Not everyone was as enthused. How could Dior be so unpatriotic as to waste fabric for anything as frivolous as fashion?! Parisian women disrupted outdoor photo shoots. The British discouraged purchase as did Canadians.  Several American states drew up petitions. Chanel said “Look how ridiculous these women are, wearing clothes by a man who doesn’t know women, never had one, and dreams of being one.” But enough people supported his vision. The New Look revolutionized fashion and established Paris as its center after World War II.

Christian Dior became a formidable household brand name. By 1948/49, he secured the first lucrative licensing deals for a couturier with fur, stockings, and perfumes. Despite Syndicale objections, other Houses followed suit. Dior opened a luxury ready-to-wear shop on Fifth Avenue – the first of its kind. Menswear came next. He would be a major arbiter of taste for decades.

Three women in day outfits by Gabrielle Chanel for March, 1917

Gabrielle Bonheur Chanel (1883-1971) was born in a charity hospital and raised in a convent orphanage “founded to care for the poor and rejected.” Here she learned to sew. At 18, she found work as a seamstress. The young woman also performed as  a poseuse, a performer who entertained the crowd between star turns, then passing a plate. The song, “Who Has Seen Coco?”  became her signature, thus the nickname Coco. Chanel didn’t have much of a voice, but she was young and pretty.

Profligate textile heir Etienne Balsan made her his mistress. For three years Chanel lived lavishly at his château Royallieu near Compiègne. There she had firsthand exposure to a decadent lifestyle that included women from the theater. Lay tells us all but the richest Frenchwomen still bathed only once a week, eschewed make-up, perfume, and tending to their hair, actresses took great care with hygiene and appearance. Chanel took notes.

During one of Balsan’s absences, Chanel began an affair with Captain Arthur Edward “Boy” Capel, a wealthy member of the British upper class. Later she would write “two gentlemen were outbidding for my hot little body.” (Their affair would last 9 years extending past his marriage to Boy’s tragic death in a car crash.) When she found some success designing hats for guests at the chateau, Baison and/or Capel backed her first Paris shop, Capel a Deauville boutique.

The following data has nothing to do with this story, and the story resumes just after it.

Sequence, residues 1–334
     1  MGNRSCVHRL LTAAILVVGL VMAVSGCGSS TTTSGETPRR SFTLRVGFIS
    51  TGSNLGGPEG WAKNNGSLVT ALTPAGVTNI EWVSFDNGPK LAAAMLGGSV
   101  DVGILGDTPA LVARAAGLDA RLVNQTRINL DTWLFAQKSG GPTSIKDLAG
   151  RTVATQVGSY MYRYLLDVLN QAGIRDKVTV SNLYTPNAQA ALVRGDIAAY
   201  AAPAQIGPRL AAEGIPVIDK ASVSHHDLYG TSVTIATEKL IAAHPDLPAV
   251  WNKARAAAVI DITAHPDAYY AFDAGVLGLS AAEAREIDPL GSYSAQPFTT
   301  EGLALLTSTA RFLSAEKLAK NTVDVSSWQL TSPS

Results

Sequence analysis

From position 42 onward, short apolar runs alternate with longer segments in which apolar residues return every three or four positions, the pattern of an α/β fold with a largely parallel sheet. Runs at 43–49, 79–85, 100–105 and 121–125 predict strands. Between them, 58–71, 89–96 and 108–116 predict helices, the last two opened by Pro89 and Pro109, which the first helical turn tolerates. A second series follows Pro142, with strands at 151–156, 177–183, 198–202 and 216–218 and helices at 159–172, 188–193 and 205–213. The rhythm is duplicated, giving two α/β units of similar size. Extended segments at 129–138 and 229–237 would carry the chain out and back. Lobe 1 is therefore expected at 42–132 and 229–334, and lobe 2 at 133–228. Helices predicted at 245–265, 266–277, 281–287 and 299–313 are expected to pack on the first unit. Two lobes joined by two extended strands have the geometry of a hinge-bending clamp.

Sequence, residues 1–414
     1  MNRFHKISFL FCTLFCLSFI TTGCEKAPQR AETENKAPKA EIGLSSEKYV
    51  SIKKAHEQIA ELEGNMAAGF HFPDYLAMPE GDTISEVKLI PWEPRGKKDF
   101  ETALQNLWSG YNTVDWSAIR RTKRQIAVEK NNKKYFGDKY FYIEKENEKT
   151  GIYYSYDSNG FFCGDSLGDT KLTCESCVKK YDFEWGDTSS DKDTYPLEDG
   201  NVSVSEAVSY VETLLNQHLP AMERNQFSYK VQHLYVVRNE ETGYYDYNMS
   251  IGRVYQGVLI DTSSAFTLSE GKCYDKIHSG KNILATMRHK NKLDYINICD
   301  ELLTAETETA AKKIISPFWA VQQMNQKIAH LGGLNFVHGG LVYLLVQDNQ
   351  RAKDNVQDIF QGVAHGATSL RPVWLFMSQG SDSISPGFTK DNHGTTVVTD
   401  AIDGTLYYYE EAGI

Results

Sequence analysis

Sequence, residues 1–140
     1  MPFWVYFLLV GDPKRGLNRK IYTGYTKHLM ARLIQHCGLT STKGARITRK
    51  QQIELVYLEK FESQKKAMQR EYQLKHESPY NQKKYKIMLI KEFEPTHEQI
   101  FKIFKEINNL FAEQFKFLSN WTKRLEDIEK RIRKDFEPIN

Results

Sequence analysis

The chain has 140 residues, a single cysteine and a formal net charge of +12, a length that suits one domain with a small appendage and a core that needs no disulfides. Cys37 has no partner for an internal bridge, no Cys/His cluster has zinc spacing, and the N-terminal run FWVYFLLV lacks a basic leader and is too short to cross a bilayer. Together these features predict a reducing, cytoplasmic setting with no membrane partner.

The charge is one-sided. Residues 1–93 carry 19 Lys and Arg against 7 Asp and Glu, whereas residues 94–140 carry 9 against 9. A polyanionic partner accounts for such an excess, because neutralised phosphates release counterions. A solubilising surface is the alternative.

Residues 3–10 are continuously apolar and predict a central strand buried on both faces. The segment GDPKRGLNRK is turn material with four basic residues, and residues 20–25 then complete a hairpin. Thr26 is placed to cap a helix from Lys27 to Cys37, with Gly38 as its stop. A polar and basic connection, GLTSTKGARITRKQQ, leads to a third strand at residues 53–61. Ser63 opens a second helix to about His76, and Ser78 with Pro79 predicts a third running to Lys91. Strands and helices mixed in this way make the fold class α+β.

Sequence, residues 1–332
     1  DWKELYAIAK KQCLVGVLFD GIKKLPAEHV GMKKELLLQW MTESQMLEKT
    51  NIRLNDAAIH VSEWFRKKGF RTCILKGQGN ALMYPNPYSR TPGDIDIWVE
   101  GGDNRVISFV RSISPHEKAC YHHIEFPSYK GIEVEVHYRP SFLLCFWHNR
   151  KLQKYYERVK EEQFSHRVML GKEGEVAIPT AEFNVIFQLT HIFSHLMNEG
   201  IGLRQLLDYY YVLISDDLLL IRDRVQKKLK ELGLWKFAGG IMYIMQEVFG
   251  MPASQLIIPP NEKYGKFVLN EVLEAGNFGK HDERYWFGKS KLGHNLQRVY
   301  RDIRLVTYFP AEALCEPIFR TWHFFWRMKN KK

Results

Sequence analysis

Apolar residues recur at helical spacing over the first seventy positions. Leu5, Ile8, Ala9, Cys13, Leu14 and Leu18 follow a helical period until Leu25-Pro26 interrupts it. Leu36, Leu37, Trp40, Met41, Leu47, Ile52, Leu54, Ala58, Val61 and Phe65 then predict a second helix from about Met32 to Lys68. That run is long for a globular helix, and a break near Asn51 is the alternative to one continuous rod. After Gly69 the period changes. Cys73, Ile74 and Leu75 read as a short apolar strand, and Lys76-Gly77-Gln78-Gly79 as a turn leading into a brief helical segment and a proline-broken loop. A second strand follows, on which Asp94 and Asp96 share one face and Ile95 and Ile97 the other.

Mlle Gabrielle Dorziat wearing one of Chanel’s first hats

At the time, women were wearing restraining, hobbled skirts often over decorated. Wisely unwilling to compete with shapely women, Chanel began by designing for her own active tomboy body. She started with cheap jersey fabric ordinarily used for men’s underwear. It was soft, pliant, and available. Her silhouettes were loose. Women could step onto a streetcar. She even made trousers for brave women like Marlene Dietrich.

Dior’s New Look was a contrived shape. His models stood with their hips thrust forward. Women needed time to dress- and help to fasten buttons and hooks. (Alexandra Palmer’s book on the designer -see below- pointed out this created intimate moments between husbands and wives.) He was extremely aware of textures. Signature dresses pooled around a woman when seated. Open necklines framed the face. Bustlines were sometimes exaggerated. Swags were revived from the 19th century.

Christian Dior ballgown with matching shrug, silk velvet and silk satin. Date unknown

Sleeves were notably graceful, made of one piece supported by darts so as not to simply hang from a seam. Shoulders were rounded. Underwire bras, new at the time, were built-in. There were 9-12 controlling stays in a fitted bodice. Pattern making for a Dior ensemble was a challenge as it derived from sketches, not draping. Clothes didn’t fit on standard mannequins because of his tiny waists.

While Dior was part of the war effort, Chanel fired 4000 employees and spent the Occupation living across the street from her atelier at the Ritz Hotel which housed upper level Nazi officials. Though she was moved from her usual quarters to two maids’ suites, the Ritz was the Ritz. She was hardly suffering. Two things served to maintain Mademoiselle’s lifestyle, the income from her perfume (Chanel #5, the fifth sample she smelled and her lucky number) which always outsold couture and an affair with Baron Hans Gunther von Dincklage, a diplomat and German intelligence officer. The liaison was later proved collaboration. Chanel was a rabid anti-Semite. After the war she was arrested, but released and retired to Switzerland.

Coco Chanel